‘Shrek’ Role Turns Actor into an Ogre
By Elysa Gardner, USA TODAY
It’s not easy being green, especially when you’re swathed in makeup and saddled with prosthetics.
Actor Brian d’Arcy James figures it took him about 2 hours and 15 minutes to make his first transformation into the title character of Shrek: The Musical.
He has repeated that process “a handful of times” and is down to less than 2 hours. “We’ll streamline it a bit more as we move forward,” he says.
The clock is ticking. Shrek begins a pre-Broadway run Thursday at 5th Avenue Theatre in Seattle and officially opens there Sept. 10. Based on William Steig’s children’s book Shrek! and the first of the three DreamWorks animated films it inspired, the production then moves to New York to the Broadway Theatre to begin previews Nov. 8 in preparation for a Dec. 14 opening.
To turn the boyishly handsome James into Steig’s homely ogre, director Jason Moore enlisted veteran costume and scenic designer Tim Hatley, whose credits span film, opera and theater, including Monty Python’s Spamalot.
“Usually, my job is to give a sense of theatricality, not necessarily to copy” an adapted character’s original traits to a T, Hatley says. “But Shrek is so known and loved that we realized we were fighting a losing battle.”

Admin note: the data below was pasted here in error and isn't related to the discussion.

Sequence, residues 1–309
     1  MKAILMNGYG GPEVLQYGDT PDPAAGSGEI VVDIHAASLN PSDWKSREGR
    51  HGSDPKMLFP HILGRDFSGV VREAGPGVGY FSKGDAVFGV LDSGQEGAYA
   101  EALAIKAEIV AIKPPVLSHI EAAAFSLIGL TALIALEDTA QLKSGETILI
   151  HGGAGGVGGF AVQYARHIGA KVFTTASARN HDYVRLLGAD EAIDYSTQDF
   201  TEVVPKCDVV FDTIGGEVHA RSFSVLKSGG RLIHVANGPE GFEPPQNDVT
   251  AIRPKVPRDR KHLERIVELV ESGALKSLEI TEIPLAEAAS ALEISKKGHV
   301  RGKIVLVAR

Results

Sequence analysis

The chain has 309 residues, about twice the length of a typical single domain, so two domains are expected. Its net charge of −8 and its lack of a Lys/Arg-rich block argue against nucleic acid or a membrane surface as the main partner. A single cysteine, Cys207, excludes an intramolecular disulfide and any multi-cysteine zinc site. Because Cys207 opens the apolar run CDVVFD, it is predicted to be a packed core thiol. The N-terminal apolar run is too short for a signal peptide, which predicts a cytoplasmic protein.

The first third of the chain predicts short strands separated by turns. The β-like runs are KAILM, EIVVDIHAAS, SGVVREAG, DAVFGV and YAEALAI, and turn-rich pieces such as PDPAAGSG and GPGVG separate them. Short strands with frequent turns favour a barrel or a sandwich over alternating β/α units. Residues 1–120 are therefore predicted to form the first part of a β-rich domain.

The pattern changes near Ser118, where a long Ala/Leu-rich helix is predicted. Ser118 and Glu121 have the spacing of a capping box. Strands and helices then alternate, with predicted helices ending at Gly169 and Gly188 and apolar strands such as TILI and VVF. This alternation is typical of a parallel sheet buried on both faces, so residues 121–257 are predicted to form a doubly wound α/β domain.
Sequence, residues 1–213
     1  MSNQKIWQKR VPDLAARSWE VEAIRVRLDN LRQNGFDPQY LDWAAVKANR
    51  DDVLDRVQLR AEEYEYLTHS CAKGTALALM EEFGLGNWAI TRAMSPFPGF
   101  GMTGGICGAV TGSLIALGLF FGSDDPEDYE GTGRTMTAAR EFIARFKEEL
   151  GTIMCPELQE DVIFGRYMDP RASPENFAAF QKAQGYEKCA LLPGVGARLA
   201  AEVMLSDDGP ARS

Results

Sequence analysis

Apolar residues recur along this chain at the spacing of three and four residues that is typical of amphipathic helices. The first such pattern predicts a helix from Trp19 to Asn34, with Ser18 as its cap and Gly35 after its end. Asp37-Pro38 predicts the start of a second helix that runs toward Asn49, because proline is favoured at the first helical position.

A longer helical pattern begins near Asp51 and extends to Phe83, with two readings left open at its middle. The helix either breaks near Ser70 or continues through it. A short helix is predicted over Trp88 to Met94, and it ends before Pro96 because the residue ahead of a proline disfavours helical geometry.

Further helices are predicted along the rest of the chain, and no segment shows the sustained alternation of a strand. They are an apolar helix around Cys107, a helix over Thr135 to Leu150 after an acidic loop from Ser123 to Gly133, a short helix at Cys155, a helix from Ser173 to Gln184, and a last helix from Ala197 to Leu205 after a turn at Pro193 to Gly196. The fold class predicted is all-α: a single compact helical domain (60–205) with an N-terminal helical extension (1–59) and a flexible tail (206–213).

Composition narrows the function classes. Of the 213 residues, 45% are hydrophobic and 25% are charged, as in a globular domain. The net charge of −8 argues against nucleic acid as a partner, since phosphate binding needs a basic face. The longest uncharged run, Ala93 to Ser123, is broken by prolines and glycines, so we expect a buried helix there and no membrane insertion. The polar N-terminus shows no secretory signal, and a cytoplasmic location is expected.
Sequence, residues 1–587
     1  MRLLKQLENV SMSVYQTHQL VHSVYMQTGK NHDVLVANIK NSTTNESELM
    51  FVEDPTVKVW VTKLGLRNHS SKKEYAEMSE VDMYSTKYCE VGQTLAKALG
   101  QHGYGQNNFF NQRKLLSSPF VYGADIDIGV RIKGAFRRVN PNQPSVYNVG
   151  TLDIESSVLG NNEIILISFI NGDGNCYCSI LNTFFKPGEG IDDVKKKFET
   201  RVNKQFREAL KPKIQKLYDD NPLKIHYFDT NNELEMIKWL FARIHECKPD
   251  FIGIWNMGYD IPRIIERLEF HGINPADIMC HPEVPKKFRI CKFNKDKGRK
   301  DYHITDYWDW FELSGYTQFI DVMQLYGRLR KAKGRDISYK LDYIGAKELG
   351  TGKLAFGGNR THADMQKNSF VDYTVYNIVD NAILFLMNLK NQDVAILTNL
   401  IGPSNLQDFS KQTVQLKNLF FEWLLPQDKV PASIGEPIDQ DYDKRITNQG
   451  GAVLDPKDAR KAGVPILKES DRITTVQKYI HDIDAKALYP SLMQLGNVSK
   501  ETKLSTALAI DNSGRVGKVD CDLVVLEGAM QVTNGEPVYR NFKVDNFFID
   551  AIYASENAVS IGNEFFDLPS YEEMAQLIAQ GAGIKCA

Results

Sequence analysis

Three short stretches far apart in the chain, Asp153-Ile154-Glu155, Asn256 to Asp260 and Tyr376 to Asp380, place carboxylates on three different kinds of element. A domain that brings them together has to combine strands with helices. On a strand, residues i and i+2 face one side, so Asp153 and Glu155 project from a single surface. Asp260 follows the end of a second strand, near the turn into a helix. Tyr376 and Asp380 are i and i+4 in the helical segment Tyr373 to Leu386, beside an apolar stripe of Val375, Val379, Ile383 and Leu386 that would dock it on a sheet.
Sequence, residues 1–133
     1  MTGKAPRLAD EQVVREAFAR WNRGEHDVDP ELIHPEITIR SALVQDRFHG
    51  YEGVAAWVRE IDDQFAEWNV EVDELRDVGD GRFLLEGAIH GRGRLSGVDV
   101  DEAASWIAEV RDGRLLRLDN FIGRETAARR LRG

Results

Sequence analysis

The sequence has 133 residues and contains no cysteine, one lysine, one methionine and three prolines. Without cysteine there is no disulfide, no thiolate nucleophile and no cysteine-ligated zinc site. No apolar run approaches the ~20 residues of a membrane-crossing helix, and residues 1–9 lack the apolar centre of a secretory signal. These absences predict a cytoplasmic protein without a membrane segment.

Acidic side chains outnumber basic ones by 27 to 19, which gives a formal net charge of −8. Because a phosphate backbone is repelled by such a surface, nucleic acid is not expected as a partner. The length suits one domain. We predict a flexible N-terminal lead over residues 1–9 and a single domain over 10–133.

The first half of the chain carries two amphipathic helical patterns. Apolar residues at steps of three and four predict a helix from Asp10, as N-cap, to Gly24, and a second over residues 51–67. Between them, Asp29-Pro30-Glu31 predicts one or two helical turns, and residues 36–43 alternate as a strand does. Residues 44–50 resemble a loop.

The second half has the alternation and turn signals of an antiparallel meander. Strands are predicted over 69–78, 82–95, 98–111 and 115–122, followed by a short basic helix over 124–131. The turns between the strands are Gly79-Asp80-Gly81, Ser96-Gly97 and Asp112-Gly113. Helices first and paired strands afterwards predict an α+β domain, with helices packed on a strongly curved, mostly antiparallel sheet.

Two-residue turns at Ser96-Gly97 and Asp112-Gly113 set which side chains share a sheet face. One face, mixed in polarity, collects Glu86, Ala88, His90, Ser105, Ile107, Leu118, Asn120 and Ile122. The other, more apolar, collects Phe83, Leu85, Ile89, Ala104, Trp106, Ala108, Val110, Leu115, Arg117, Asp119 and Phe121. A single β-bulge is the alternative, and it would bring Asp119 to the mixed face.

Any noticeable departure “would have left a lot of people disappointed, especially little people.”
Hatley’s concerns were expressivity and practicality, in that order. “Even though Shrek is an ogre, there has to be an element of humanity,” Moore says.
Makeup designers Naomi Donne and Michael Marino used “film-quality prosthetics” to ensure James “has full control over his facial expressions,” Hatley says.
For comfort, Shrek’s costume was fashioned with “head vents and channels to allow sweat to drip out.” The front of the costume “pops away,” so that during a short break James “can get air to his chest quickly. And we cut hundreds of holes in the padding to allow air to go through, like Swiss cheese.”
With no bathroom break except for intermission, when James can get out of his suit entirely, he has to drink with discretion. “There’s no escape route in it, if you will,” he says.
“Ogres have very large bladders, but I’m definitely going to be mindful of my coffee intake.” (c) Copyright 2008 USA TODAY, a division of Gannett Co. Inc. <>>